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Topic: Flinging from wikis, blogs, email, tweets, and discussion posts.

Wouldn't it be nice if I could post a fling link into my blog so that my friends can fling the video to their TVs?  Or put a URL in an email and when my friend clinks on the link in his mail reader, the video is flung to the TV in his network?

The current fling uses an iframe.  Unfortunately users often cannot place iframes into a wiki, blog, visitor discussion post or any system that relies on a restrictive content management system.  Certainly an iframe kills the ability to tweet flings.

We use an iframe because the iframe acts as a trusted intermediary.  The iframe is loaded from our infrastructure and we can be sure that our own code won't fling to the TV (or other connected device) until the user actually clicks on the fling button.

So why is this a big deal?  Consider if the http://flingo.tv/fling/fling call were not restricted.   Website owner Spammy could put the following tag in his web page http://example.com/foo:

 <IMG SRC="http://flingo.tv/fling/fling?url=SPAM&description=Ha+Ha+Ha"></IMG>

When unsuspecting Alice visits http://example.com/foo, as the web page foo downloads it tries to load the faux "image" at URI http://flingo.tv/fling/fling.

A solution that does not introduce inordinate amounts of spam is to allow a fling from a hyperlink but introduce an additional confirmation step.  For example, we could introduce a new function to the fling APIs:

  http://flingo.tv/fling/link?url=U&...

A web site owner then puts this link in an A link or a FORM, e.g.,

  <A href="http://flingo.tv/fling/link?url=U&...">Fling this to your TV! </A>

When the user clicks on this link, flingo.tv returns a web page that includes an HTML FORM in which the user confirms or denies the fling.  In other words, the confirmation web page returned from flingo.tv acts as the trusted intermediary.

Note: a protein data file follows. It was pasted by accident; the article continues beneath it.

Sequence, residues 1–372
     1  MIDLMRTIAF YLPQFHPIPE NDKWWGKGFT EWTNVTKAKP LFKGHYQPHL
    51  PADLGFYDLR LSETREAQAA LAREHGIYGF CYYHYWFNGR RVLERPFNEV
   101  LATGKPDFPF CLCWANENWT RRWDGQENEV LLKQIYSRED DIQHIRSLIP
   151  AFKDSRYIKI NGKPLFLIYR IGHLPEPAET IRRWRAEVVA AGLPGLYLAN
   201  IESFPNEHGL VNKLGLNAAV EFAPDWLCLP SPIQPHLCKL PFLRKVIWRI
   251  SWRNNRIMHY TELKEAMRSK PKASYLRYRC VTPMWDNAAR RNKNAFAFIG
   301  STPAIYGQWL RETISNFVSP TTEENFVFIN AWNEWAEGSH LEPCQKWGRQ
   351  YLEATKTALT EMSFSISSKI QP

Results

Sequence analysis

Now if Spammy tries to use this link by putting it in the IMG tag, flingo.tv returns a confirmation dialog that the browser cannot render as an image and the fling fails. Requiring a confirmation step also breaks cross site scripting attacks based on the <script>, <frame> and <iframe> tags.

The only drawback of this technique is that it does not enable flinging with a single click, but being able to post a fling link in any wiki, blog, or tweet seems like a worthy enough advantage to justify the tradeoff.

--Dave

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Re: Flinging from wikis, blogs, email, tweets, and discussion posts.

Wouldn't it be nice if I could post a fling link into my blog so that my friends can fling the video to their TVs?  Or put a URL in an email and when my friend clinks on the link in his mail reader, the video is flung to the TV in his network?

I implemented this.  See http://forum.flingo.org/viewtopic.php?id=54.  However, rather than link I used the shorter name a where a refers to the HTML anchor tag.  This follows the naming convention established by the iframe call.

--Dave Harrison